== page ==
Simos Kakalas

Simos Kakalas

Simos Kakalas was born in Thessaloniki in 1973. He graduated from the Drama School of the National Theatre of Northern Greece and began his career as an actor at the “Nees Morfes” Theatre Company, which he also co-founded. As a director, he has presented productions of Spyros Peresiadis’ Golfo, Bergadis’ Apokopos, Sakis Serefas’ Melted Butter (Director’s distinction, Union of Greek Critics for Drama and Music, 2008), Theofrastos Sakellaridis’ The Godson (Greek National Opera) and Rainer Werner Fassbinder’s Ali: Fear Eats the Soul (Greek Art Theatre Karolos Koun), to name a few.
He has taught acting, vocal coaching, and improvisation at the drama schools of the National Theatre of Greece, the National Theatre of Northern Greece, and the Athens Conservatoire. Furthermore, he has organized seminars and workshops on the mask, the dekapentasyllabos (15-syllable) verse, as well as on improvisation.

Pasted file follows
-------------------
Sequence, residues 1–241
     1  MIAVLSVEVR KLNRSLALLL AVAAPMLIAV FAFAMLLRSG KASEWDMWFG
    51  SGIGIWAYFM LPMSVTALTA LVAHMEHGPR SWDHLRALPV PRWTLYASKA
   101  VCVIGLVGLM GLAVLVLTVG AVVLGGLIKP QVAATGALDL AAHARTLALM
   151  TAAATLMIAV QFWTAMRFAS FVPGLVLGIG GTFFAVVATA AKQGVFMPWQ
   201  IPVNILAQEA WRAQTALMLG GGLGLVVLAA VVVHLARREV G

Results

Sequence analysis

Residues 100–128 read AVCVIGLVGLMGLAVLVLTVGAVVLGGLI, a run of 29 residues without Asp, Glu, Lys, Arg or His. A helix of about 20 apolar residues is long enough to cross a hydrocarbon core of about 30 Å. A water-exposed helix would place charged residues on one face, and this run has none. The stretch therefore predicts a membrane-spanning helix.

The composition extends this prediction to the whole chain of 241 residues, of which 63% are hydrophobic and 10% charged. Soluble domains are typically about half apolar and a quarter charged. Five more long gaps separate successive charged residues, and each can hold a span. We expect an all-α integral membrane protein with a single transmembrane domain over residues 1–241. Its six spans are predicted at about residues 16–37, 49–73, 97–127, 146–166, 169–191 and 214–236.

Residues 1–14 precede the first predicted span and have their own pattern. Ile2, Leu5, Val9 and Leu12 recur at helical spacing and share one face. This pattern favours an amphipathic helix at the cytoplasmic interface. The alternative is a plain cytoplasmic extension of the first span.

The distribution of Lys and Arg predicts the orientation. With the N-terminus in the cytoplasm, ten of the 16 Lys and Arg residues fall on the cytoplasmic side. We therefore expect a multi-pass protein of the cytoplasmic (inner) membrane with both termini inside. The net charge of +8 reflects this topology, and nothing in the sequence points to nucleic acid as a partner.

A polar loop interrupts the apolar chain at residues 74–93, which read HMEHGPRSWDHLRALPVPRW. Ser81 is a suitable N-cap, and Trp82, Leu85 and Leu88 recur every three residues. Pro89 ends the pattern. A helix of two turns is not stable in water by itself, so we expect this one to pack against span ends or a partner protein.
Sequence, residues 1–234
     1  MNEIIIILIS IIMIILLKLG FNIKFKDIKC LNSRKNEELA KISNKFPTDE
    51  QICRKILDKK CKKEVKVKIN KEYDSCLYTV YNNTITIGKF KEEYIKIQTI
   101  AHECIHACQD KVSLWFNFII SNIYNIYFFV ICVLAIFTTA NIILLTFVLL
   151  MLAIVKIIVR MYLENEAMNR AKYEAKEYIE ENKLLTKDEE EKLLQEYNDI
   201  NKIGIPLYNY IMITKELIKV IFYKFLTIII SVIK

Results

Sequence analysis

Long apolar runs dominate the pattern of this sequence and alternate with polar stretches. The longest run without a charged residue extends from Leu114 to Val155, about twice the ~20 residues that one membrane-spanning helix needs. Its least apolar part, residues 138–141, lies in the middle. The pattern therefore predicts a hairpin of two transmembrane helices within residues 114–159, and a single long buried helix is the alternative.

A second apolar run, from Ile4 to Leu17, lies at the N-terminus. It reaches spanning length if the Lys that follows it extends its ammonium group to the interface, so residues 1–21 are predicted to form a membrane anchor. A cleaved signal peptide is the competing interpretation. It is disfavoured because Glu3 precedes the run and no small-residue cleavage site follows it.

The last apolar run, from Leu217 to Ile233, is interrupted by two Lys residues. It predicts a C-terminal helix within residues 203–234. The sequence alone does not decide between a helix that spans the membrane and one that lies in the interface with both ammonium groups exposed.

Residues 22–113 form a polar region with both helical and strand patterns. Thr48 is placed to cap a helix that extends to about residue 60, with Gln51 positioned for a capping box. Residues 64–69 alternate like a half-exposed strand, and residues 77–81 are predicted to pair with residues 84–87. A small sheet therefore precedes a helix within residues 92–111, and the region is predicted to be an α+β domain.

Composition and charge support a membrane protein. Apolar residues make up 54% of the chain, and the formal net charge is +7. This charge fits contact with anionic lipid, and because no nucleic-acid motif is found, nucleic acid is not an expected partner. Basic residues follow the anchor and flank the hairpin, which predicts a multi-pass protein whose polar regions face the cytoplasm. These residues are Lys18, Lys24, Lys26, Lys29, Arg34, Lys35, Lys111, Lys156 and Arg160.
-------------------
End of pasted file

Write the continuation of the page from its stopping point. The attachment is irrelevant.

In 2000, he participated in a seminar on Euripides’ The Bacchae, organized by the Union des Théâtres de l’Europe (UTE), during which five actors from three different theatre companies, directed by Sándor Zsótér, created the performance Getting Horny, which toured Europe.

Workshop "The Servant as the Outsider in Ancient Comedy: Mask and Improvisation"

The servant in ancient drama is an outsider (xenos) who has no right to decide for herself/himself. Deprived of citizenship rights, but still in full possession of a voice, opinion and disposition, the outsider has evolved over the centuries, as seen in the numerous representations and variations one comes across while studying the history of theatre.
This workshop will approach the character of the servant through a methodology developed by Simos Kakalas over the last 15 years, drawing on mask, improvisation, and the character’s interaction with the audience.
Focusing on Aristophanes’ The Acharnians, the workshop will explore the symbiotic relationship between the servant and the citizen, the political dimensions of the interaction between performer and chorus and how the comical element promotes the above dialectics. Students will be asked to conduct research on the main characters of the play (Dikaiopolis, Lamachus) and the chorus. The end product of this workshop will be presented in the form of a public performance.